Importing Quality Rice Seeds from India

The Financial Express, December 29, 2013

Seed is at the root of farming. Good quality seeds help reap better crop harvest. Cheap but adulterated ones bring disaster not only for farmers but also for soil. At an international seminar held in Dhaka recently, experts from both home and abroad stressed the need for import of good high-yielding paddy seeds from abroad, particularly from neighbouring India because of their cost effectiveness and similar weather conditions. They suggested Bangladesh and India should begin formal seed trading at the earliest.

The experts, however, found non-tariff barriers, imposed by India, to be a major hurdle to official rice seed trading between the two countries. Farmers of the countries exchange rice seeds frequently and conduct seed trade informally. But such trading should be done through a formal channel to ensure quality of seeds and price competitiveness. Incidentally, several Bangladeshi high-yielding varieties, including BR-11, BR-12, Brridhan-28, Brridhan-29, and hybrid variety Hira are being cultivated by farmers in different districts of Bihar, Jharkhand, Orisha, Pashchimbanga and Assam states in India. On the other hand, farmers in Jessore, Dinajpur and Chapainawabganj districts in neighbouring Bangladesh are also cultivating different Indian varieties like Swarna and Miniket.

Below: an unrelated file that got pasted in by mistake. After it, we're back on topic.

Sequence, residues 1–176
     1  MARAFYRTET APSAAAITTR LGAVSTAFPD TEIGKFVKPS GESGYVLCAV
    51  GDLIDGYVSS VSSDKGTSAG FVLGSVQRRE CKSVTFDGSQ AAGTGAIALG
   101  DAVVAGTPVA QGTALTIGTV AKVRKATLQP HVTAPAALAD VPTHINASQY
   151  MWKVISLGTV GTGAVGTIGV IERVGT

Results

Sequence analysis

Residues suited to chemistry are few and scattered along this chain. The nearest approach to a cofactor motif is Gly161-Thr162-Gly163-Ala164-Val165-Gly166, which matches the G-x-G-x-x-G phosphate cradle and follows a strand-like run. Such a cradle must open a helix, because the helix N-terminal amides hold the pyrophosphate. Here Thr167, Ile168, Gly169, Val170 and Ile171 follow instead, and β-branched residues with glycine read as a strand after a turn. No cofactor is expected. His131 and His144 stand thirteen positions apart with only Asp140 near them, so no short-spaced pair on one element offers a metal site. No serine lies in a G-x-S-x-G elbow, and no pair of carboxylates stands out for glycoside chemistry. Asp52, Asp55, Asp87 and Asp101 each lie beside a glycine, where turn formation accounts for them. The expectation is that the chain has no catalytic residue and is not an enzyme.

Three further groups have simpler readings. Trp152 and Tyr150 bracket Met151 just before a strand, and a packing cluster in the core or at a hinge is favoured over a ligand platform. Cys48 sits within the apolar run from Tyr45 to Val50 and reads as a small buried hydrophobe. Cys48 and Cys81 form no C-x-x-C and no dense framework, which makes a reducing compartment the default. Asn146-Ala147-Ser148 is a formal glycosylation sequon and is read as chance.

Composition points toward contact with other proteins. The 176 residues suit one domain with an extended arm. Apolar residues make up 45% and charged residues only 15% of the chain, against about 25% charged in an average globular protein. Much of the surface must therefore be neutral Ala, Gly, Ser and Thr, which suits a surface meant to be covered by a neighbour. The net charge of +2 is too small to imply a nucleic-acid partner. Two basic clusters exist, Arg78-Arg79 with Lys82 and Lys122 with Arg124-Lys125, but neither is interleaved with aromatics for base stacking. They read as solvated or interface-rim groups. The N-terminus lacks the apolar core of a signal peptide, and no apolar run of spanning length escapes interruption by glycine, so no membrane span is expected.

An expert, long associated with the seed department of Bangladesh, has called for conducting joint research by the two countries. He has also pleaded for setting up a SAARC Seed Bank, already proposed by the government of Bangladesh. The SAARC was set up as early as in 1985 to serve as a conduit for collaborative efforts to improve the lot of over one billion population of the region. But sadly it has yet to make its mark in living up to the expectations. A joint action under the aegis of the SAARC in producing quality paddy seeds is vital as one expert pointed out that hybrid rice has achieved little in Bangladesh due to its bad quality. India had four kinds of hybrid rice seeds in 1998. The number now stands at 104, of which 90 varieties are imported from China. Quality is also important besides productivity in case of hybrid seeds.

Countries like Bangladesh and India today face hostile weather conditions due to climate change. There has been less rainfall and more droughts while there has been greater salinity intrusion in the river water. This has put food security at a great risk. More comparative advantage should lead the two neighbouring countries to go for official seed trade as Bangladesh is good at production of Boro variety while India is good at Aman variety. To improve bilateral trade in rice seed, there is a need for political commitment from both ends. Two issues — uniqueness and comparative advantage — influence trade. The comparative advantage itself can help the two countries strike official seed trading and cut unbridled smuggling. Political and regulatory barriers to rice seed trade need to be removed. If India could import quality rice seeds from China, why can't Bangladesh buy Indian HYV seeds officially? Bangladesh can justifiably look forward to the Indian cooperation in this regard..

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